1,200 extra Chicago cops to be deployed over July 4 weekend

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Ashlee Rezin Garcia/Sun-Times

Chicago Police Superintendent David Brown addresses the city's weekend gun violence during a news conference at CPD headquarters, Monday, June 29, 2020. (Ashlee Rezin Garcia/Chicago Sun-Times via AP)

CHICAGO – Chicago's police superintendent said Monday that he plans to flood the city's streets with additional officers during the long July 4 weekend in an effort to avoid a repeat of particularly bloody recent weekends and despite pressure to keep officer overtime to a minimum.

“We didn't do it last weekend and the Memorial Day weekend,” Superintendent David Brown said of the two weekends that ended with a combined total of 111 people being shot, 24 fatally. “This weekend ... we'll have an additional 1,200 cops every day from Thursday through Sunday.”

Brown took over as superintendent during the coronavirus pandemic, when there was a furious effort to release as many jail detainees as possible to keep them from contracting the virus. The number of Cook County Jail inmates decreased by more than 1,600 between May 1 and June 1. But on Monday, Brown vowed to push others in the criminal justice system to keep those arrested on drug and gun charges locked up longer.

“We're pleading (with the court system) to keep them in jail for the weekend,” he said, explaining that the people arrested for dealing or buying drugs on street corners may not be charged with violent crimes, but that such activity often leads to gun fights between violent gangs.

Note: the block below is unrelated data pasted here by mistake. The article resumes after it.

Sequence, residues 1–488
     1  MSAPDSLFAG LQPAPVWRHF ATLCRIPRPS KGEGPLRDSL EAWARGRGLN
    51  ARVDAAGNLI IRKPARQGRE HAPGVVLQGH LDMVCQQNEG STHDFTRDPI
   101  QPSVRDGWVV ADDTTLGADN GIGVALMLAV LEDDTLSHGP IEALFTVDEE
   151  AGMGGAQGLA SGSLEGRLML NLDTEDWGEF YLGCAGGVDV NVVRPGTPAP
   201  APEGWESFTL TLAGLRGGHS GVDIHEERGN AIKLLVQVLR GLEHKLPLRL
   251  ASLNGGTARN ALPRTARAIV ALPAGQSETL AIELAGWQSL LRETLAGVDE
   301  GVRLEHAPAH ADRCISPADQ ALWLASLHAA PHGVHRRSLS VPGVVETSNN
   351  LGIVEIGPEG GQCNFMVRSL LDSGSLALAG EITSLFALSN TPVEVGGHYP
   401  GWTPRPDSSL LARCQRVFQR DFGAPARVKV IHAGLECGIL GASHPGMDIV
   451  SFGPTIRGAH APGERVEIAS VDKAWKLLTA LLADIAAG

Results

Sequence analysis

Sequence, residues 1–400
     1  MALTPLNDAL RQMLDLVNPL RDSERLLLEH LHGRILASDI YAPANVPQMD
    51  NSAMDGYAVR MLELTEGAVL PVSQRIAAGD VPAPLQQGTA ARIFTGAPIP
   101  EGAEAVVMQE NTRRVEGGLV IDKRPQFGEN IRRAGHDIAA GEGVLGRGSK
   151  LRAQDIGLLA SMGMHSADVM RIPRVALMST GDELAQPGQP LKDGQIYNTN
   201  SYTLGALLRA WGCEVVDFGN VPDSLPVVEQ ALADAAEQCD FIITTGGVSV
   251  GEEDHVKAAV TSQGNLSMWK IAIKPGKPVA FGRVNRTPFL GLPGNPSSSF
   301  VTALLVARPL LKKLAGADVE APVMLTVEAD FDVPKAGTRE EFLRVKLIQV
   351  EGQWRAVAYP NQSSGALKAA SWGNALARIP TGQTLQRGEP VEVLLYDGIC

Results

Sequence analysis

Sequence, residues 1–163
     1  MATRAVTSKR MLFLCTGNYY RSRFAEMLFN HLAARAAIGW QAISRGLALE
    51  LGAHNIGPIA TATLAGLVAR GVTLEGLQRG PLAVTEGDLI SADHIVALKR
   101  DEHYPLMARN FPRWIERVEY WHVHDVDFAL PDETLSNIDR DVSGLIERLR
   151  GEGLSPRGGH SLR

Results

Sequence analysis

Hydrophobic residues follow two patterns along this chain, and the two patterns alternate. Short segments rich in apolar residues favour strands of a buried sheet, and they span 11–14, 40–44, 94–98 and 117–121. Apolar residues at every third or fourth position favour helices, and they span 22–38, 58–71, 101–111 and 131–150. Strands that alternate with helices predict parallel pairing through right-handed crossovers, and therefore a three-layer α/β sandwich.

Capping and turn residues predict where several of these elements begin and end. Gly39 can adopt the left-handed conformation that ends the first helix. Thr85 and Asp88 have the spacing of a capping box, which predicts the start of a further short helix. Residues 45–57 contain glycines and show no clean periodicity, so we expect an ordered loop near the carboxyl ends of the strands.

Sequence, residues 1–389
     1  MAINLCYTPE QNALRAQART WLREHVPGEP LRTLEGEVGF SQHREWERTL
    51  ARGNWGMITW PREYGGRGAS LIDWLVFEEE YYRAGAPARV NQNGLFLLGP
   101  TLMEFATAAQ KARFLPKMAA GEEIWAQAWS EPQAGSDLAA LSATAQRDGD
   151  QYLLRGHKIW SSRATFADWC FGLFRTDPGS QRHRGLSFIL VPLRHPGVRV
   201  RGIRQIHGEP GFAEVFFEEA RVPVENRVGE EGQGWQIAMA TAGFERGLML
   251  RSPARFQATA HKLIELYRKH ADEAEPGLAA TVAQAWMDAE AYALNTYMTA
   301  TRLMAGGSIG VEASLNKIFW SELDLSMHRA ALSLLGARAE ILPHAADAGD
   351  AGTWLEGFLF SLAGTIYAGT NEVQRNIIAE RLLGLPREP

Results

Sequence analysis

As his predecessors did when talking about a bloody weekend, Brown said the most recent spasm of gunfire ended not just with the deaths of rival gang members but with the killing of children. This time the innocent victims included a 1-year-old riding in a car with his mother and a 10-year-old girl who was inside her home when a bullet fired a block away pierced a window and struck her in the head as she sat on a couch.

Brown also alluded to the reality of life in some neighborhoods where residents have been reluctant to come forward with information that might help detectives solve violent crimes because they don’t trust the police.

“For God's sake, for the sake of Chicago's children, please help us bring these murderers to justice,” Brown said, referring the gunmen as “evil bastards.”

“Silence empowers those who continue to terrorize our neighborhoods,"he said.